Indeed, over the years, as democracy took root in the country, and upper caste-led social combinations crumbled to make way for OBC/SC-dominated groupings, sheer numbers became a key political determinant. The political clout of the Brahmins, just five per cent of the population, withered. The current Lok Sabha may have 50 Brahmin MPs, 9.17 per cent of the strength of the house, but it is down from 19.91 per cent in 1984. Only four of the UPA’s 30 cabinet ministers and just three CMs—West Bengal’s Buddhadeb Bhattacharya, Uttarakhand’s B.C. Khanduri and Delhi’s Sheila Dikshit (by marriage)—are Brahmins.
But even though Brahmins are no longer as visible on the political landscape, a closer look at our parties, across the political spectrum, throws up an interesting insight. Most of the country’s political strategists and backroom boys—those running the country’s political war rooms, advising party leaders, drawing up electoral battle plans, negotiating tricky alliances, crunching numbers or just working on slogans and spin—are from among the ‘twice-born’. Evidently, Gadgil’s ‘Maharashtra model’ is not just an apocryphal story.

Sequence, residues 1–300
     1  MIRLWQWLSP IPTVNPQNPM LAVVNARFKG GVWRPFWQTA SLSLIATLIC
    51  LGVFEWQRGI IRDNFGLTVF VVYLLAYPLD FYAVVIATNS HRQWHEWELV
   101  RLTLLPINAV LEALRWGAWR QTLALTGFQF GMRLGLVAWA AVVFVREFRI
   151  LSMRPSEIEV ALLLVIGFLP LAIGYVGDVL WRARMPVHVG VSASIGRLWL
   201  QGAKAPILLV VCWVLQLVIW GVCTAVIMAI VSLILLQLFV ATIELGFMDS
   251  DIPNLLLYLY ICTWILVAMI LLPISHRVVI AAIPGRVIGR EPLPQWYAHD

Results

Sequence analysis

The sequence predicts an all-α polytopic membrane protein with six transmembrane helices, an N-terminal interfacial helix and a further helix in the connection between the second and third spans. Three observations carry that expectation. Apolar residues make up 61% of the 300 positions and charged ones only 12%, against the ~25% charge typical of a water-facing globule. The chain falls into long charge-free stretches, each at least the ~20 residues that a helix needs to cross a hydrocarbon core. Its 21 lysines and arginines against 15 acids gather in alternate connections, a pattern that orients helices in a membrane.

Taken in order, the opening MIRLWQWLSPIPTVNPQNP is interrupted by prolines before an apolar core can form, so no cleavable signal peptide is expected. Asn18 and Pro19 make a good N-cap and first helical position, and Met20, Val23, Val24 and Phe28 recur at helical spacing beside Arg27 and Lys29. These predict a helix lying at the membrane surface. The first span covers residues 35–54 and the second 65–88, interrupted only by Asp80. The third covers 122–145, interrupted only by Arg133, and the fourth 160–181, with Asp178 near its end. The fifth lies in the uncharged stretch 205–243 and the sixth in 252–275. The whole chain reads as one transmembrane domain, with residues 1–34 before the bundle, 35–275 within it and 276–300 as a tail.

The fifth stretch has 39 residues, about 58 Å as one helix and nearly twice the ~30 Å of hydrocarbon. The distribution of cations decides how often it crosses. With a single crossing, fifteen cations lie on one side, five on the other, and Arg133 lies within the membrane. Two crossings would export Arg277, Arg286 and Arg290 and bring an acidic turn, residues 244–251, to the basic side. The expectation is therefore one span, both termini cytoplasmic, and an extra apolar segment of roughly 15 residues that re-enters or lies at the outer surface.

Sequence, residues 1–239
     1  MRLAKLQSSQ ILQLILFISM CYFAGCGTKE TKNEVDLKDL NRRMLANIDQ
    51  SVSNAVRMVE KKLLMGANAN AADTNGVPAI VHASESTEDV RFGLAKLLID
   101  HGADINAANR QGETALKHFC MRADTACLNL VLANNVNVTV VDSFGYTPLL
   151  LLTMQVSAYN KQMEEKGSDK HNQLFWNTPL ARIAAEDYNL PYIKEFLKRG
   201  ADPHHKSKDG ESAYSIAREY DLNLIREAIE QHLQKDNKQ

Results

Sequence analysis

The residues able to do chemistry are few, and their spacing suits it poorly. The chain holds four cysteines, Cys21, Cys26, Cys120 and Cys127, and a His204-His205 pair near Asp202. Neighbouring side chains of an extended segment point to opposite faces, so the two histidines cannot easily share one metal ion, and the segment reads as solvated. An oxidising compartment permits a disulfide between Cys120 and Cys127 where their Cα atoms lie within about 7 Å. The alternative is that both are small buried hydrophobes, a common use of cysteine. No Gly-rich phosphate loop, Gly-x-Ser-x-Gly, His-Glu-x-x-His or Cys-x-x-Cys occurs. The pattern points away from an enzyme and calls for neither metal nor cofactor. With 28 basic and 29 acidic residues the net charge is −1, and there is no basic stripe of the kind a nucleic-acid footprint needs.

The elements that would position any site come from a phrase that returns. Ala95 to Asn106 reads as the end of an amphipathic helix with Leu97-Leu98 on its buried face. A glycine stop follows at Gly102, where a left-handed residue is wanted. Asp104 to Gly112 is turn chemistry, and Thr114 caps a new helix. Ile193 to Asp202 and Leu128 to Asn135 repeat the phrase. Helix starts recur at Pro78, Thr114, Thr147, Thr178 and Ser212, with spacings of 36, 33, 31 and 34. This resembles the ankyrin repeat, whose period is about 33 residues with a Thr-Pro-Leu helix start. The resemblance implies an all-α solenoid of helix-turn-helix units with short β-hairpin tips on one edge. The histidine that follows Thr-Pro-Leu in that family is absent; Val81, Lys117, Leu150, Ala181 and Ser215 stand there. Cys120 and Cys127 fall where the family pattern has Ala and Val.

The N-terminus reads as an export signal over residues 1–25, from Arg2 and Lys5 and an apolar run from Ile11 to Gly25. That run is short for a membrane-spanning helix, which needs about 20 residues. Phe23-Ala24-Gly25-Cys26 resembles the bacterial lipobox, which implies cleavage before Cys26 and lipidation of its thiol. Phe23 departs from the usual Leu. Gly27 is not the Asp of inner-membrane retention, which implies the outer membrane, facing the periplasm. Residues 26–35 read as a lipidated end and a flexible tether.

Of course, these tacticians do not conform to a single pattern. Some, like BSP MP Satish Chandra Mishra or BJD MP Pyarimohan Mohapatra, are almost the alter egos of their party bosses, UP chief minister Mayawati and Orissa CM Naveen Patnaik. Others, such as BJP general secretary Arun Jaitley, have political ambitions of their own, the tactician’s role just a stepping stone. Those like former Union minister of state for power and commerce Jairam Ramesh are just backroom boys, useful to the leadership, no more. Yet others, like CPI(M) politburo member Sitaram Yechury, perform a key function in the party, their importance lying in the role they play rather than proximity to a single leader. Of course, heavyweights like NCP’s Sharad Pawar or RJD’s Laloo Prasad Yadav are "political" master strategists themselves. They consult a variety of sources—Brahmins in spirit, if not by birth.
So, who are these men—they all seem to be men, though five political parties are headed by women—so critical to political parties, both in war and peace?